Among the biggest problems is the porous border Afghanistan shares with Pakistan. Sanger reports that at the height of the surge, the Haqqani network’s cross-border attacks in Afghanistan’s eastern provinces increased fivefold over the previous year, according to NATO’s count. In response to the difficulties of bringing stability to the region, the administration quietly convened a committee in 2010 called “Afghan Good Enough,” a group that was tasked with forging practical plans for future American involvement in the country. A sister group, “Pakistan Good Enough,” brought together diplomats and administration officials to discuss what the U.S. could do to improve its toxic relationship with Afghanistan’s neighbor.

3. The Pakistani Nuclear-Bomb Scare

If there is one nightmare scenario that keeps American security officials up the most, it may be that of a nuclear device slipping out of the hands of the Pakistan government and into those of Islamic extremists. Early on in Obama’s administration, the president got an education in just what such a terrifying episode may look like, when intelligence officers arrived at the White House to tell him that there was an “emerging intelligence picture” that suggested the Pakistani Taliban may somehow have wound up in control of a nuclear weapon of unknown size.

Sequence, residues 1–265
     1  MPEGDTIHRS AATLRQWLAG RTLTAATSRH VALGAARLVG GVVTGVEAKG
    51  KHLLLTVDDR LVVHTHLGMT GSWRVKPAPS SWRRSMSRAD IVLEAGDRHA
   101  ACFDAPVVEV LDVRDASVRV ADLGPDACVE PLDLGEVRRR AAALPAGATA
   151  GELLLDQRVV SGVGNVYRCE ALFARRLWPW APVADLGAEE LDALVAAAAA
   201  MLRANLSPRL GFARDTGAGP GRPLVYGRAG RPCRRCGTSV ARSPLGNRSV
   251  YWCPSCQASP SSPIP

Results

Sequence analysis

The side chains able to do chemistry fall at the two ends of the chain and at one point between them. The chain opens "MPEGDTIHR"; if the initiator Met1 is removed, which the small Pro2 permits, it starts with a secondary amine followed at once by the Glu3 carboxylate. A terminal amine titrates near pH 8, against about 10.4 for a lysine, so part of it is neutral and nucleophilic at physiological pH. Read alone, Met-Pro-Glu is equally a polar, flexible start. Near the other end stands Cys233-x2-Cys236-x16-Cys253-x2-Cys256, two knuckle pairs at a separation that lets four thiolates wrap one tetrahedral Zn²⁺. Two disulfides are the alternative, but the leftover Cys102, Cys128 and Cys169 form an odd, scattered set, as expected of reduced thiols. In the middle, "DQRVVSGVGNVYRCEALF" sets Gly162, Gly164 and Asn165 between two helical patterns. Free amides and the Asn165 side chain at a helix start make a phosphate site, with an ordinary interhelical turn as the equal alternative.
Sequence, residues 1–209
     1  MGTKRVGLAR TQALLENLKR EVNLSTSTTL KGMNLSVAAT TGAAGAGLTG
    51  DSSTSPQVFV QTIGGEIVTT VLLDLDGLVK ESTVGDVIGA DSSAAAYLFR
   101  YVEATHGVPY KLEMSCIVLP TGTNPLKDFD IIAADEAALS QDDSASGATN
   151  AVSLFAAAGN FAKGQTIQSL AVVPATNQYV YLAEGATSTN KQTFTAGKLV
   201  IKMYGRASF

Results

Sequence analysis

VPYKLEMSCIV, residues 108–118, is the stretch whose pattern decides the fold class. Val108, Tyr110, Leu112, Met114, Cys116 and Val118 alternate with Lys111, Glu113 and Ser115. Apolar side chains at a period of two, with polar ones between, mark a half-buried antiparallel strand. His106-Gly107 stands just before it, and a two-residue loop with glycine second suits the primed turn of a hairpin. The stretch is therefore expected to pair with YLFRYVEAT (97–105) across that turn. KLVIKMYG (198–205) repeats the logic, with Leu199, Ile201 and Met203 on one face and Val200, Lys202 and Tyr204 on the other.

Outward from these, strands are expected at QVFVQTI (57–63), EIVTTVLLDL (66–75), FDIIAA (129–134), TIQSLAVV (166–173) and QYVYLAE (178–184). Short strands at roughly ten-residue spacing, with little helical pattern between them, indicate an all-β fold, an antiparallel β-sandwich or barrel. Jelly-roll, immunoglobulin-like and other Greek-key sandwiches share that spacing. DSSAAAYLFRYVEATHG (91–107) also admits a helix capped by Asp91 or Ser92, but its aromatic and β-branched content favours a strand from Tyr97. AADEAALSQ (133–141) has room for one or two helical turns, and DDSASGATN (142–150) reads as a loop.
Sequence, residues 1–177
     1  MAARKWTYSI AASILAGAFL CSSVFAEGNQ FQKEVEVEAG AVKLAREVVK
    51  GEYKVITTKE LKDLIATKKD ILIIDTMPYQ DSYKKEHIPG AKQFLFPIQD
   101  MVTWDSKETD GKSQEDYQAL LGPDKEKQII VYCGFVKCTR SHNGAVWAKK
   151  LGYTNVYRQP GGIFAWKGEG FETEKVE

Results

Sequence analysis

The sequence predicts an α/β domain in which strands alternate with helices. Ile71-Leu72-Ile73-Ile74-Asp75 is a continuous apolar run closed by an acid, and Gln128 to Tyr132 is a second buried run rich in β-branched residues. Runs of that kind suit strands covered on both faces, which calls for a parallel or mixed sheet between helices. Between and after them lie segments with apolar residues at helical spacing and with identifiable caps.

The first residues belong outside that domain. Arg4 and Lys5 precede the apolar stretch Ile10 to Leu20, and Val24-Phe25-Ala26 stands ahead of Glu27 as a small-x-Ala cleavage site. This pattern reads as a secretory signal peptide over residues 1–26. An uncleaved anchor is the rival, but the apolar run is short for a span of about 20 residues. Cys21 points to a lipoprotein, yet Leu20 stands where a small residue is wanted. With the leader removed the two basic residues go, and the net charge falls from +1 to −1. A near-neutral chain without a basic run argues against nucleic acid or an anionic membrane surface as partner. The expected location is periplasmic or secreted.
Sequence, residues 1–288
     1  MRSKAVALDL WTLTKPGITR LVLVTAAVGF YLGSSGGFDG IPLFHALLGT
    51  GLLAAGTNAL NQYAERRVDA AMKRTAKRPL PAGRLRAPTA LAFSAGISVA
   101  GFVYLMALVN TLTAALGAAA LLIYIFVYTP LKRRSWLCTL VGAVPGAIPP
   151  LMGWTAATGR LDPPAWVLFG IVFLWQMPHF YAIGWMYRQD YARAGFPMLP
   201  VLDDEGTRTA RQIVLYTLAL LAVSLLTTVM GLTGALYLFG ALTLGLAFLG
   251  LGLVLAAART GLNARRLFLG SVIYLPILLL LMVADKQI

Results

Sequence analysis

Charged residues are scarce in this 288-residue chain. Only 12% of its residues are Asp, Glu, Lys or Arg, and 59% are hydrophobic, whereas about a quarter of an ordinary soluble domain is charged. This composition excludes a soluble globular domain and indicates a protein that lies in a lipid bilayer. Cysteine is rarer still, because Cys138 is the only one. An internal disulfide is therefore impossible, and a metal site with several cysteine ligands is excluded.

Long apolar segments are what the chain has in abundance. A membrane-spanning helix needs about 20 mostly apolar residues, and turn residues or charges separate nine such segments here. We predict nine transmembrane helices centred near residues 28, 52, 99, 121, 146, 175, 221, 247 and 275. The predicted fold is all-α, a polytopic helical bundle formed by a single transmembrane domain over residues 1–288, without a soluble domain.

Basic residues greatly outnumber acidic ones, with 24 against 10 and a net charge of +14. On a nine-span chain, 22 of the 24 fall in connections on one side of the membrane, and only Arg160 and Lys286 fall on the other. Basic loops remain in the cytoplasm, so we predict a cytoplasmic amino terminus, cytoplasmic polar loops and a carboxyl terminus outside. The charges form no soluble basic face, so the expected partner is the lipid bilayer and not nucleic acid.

Sanger reports that at the height of the surge, the Haqqani network’s cross-border attacks in Afghanistan’s eastern provinces increased fivefold over the previous year, according to NATO’s count.

Communications chatter that was picked up led American intelligence to think that the Taliban may have come into possession of a crude nuclear weapon known as a dirty bomb. Obama approached the Pakistanis to see if they would cooperate. They were little help. However, Pakistan itself was actually the most likely target of a nuclear strike, and finally the country’s officials agreed to survey its nuclear arsenal. They reported to the White House that all was in order. As quickly and inexplicably as the threat had appeared, it vanished, and no one quite knows why. It may be that the United States misunderstood the initial chatter, or that the militants themselves were duped into thinking they had procured something they had not. Either way, the scare seems to have improved cooperation between the U.S. and Pakistan to secure the company’s nuclear stockpile.